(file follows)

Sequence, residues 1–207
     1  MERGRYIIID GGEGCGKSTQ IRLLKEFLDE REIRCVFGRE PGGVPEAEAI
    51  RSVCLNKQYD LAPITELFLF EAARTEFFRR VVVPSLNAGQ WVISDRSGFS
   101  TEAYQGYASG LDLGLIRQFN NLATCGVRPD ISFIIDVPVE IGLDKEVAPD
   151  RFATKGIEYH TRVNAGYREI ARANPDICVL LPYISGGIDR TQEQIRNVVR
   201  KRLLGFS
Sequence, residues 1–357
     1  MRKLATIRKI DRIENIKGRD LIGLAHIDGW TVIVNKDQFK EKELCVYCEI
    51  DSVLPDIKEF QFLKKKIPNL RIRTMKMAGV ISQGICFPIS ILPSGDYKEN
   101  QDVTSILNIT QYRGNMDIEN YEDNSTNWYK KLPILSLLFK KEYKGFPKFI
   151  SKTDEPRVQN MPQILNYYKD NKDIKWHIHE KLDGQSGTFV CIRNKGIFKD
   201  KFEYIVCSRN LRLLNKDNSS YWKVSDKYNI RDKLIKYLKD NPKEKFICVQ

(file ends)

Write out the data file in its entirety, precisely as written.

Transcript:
Sequence, residues 1–207
     1  MERGRYIIID GGEGCGKSTQ IRLLKEFLDE REIRCVFGRE PGGVPEAEAI
    51  RSVCLNKQYD LAPITELFLF EAARTEFFRR VVVPSLNAGQ WVISDRSGFS
   101  TEAYQGYASG LDLGLIRQFN NLATCGVRPD ISFIIDVPVE IGLDKEVAPD
   151  RFATKGIEYH TRVNAGYREI ARANPDICVL LPYISGGIDR TQEQIRNVVR
   201  KRLLGFS
Sequence, residues 1–357
     1  MRKLATIRKI DRIENIKGRD LIGLAHIDGW TVIVNKDQFK EKELCVYCEI
    51  DSVLPDIKEF QFLKKKIPNL RIRTMKMAGV ISQGICFPIS ILPSGDYKEN
   101  QDVTSILNIT QYRGNMDIEN YEDNSTNWYK KLPILSLLFK KEYKGFPKFI
   151  SKTDEPRVQN MPQILNYYKD NKDIKWHIHE KLDGQSGTFV CIRNKGIFKD
   201  KFEYIVCSRN LRLLNKDNSS YWKVSDKYNI RDKLIKYLKD NPKEKFICVQ